The contempt order was issued during the hearing of a Writ Petition that sought a second review of the judgment in Indira Jaising v. Supreme Court of India through Secretary General, (2017) 9 SCC 766. On the said petition, the Court said:

“Even otherwise, it is settled law that an Article 32 petition does not lie against the judgment of this Court. We are also of the view that Section 16(2) of the Advocates Act, 1961 is a provision which cannot be said to be unconstitutional and the designation of Senior Advocate cannot be as a matter of bounty or as a matter of right.”

[National Lawyers’ Campaign for Judicial Transparency v. Union of India, 2019 SCC OnLine SC 411, decided on 12.03.2019]

To read the guidelines issued by the 3-judge bench of Ranjan Gogoi, RF Nariman and Navin Sinha, JJ for the system of designation of Senior Advocates in the Supreme Court as well as all the High Courts of India, click here.

Case BriefsHigh Courts

Jammu & Kashmir High Court: A Single Judge Bench of Ali Mohammad Magrey, J., allowed a Writ Petition filed by the petitioners seeking consideration of their respective cases for change of designation from Helper (Civil) to Electrician, Carpenter and Motor Mechanic respectively.

The petitioners were initially appointed to the post of Helpers in the respondent-department. The petitioners were fully technically trained in the trades of Electrician, Carpentry and Operational & Manual Maintenance of the Boiler Plant, respectively and they were granted the benefit of upgradation as semi-skilled workers. The petitioners had time and again requested the respondent authorities to change their designation from Helper as fixed in terms of their orders of regularization, to the posts of Electrician, Carpenter and Motor Mechanic, respectively. The respondents did not change their designation.

The main issue that arose before the Court was whether the respondent authorities were justified in not changing the designation of the petitioners.

The Court observed that it is an undisputed fact that the petitioners have high degree practical expertise and training in their respective trades of Electrician, Carpenter and Motor Mechanic, besides, possessing the certificates issued by the Technical Institutions. The petitioners have been discharging their duties diligently since quite a long time and the respondents without considering their expertise had regularized them on the post of Helper (Civil). The Court further observed that regularization ought to have been done keeping in mind the expertise and practical experience possessed by the petitioners.

The Court held that the respondents have been extracting work from the petitioners but they have deprived the petitioners of service benefits and hence the respondents have not extended fair treatment to the petitioners in the matter of public employment. The Court directed the respondent authorities to consider the case of petitioners for the change of designation from Helper to Electrician, Carpenter and Motor Mechanic, respectively and grant them all the benefits which they are entitled to receive. [Bashir Ahmad Malik v. State of J&K,2018 SCC OnLine J&K 684, order dated 24-09-2018]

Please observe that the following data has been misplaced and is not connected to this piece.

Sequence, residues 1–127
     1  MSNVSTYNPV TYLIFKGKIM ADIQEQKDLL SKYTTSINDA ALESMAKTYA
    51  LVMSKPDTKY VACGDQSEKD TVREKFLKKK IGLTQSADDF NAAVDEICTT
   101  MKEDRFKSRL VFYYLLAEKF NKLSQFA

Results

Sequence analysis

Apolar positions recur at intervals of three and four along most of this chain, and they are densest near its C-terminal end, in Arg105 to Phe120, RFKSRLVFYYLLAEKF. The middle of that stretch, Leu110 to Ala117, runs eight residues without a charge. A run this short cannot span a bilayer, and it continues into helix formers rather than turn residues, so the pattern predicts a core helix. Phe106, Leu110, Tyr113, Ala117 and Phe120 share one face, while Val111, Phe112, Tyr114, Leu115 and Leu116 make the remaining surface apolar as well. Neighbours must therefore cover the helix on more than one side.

Case BriefsHigh Courts

Kerala High Court: In an intra court appeal filed by an advocate, P.B. Sahasranaman, against the judgment of a Single Judge Bench dismissing the appellant’s writ petition to consider the matter of his designation as senior counsel in the High Court,  the appeal was dismissed by a Division Bench comprising of Navaniti Prasad Sigh, C.J. and Raja Vijayaraghavan V., J.

After a review petition and a writ petition before the Supreme Court to consider the rejection of him being designated as a senior counsel failed, the appellant filed a writ petition before the Kerala High Court challenging the “Rules Regarding Designation as Senior Advocates, 2000” as being ultra vires the powers granted to the High Court by the Advocates Act of 1961. Another contention was that Rule 6 of the aforementioned Rules, which stated that at least two-thirds of the Judges present at a meeting needed to support an application for designation as senior counsel, should be read as “two-thirds of the Judges present and voting”.

Both the contentions were rejected by the High Court and the writ became only of academic interest since the ballot papers had been destroyed and there was no question of recounting. A question arose if an Advocate could consider it to be a matter of right to be designated as a senior advocate. The court answered it in negative and declared that it is a distinction conferred based upon the opinion of the Court considering “ability, standing at the Bar or special knowledge or experience in law” and that “it is a subjective decision based on objective consideration”.

Also, the Court stated that different High Courts have framed different rules with the aid of the Advocates Act and though the practice of “Judges present and voting” was prevalent, the usage of “Judges present” was held to be a conscious departure in the Kerala High Court Rules of 2000. [Adv. P.B. Sahasranaman v. Kerala High Court, Writ Appeal No. 1500 of 2017, dated 10.08.2017]